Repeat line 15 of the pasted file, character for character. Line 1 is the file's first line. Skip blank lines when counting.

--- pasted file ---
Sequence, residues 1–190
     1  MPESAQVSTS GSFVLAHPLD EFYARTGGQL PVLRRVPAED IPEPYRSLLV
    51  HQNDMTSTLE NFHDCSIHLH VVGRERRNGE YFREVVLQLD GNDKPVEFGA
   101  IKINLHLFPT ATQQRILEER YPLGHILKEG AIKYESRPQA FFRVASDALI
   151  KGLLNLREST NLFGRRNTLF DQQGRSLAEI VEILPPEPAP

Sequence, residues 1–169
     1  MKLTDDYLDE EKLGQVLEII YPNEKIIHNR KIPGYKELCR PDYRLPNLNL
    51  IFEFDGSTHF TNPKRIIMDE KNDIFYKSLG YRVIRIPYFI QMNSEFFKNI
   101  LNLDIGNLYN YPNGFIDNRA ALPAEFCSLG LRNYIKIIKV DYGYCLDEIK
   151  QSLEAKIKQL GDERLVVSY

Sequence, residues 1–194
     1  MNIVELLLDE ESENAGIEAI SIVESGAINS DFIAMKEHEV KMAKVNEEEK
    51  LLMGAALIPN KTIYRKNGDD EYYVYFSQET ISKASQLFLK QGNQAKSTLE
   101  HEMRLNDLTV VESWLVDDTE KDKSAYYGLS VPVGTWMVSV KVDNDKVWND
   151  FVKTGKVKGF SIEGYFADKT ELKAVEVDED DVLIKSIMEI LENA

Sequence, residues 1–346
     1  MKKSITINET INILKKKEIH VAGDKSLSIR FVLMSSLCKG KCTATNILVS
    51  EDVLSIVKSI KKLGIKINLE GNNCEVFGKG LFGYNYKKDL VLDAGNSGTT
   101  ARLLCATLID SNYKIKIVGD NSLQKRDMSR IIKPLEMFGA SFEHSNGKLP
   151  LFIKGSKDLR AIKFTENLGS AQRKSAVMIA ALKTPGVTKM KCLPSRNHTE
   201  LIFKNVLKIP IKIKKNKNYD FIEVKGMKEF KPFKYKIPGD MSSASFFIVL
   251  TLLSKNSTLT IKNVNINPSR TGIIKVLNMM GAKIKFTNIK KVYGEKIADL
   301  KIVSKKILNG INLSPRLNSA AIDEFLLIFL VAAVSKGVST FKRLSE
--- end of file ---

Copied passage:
   151  FVKTGKVKGF SIEGYFADKT ELKAVEVDED DVLIKSIMEI LENA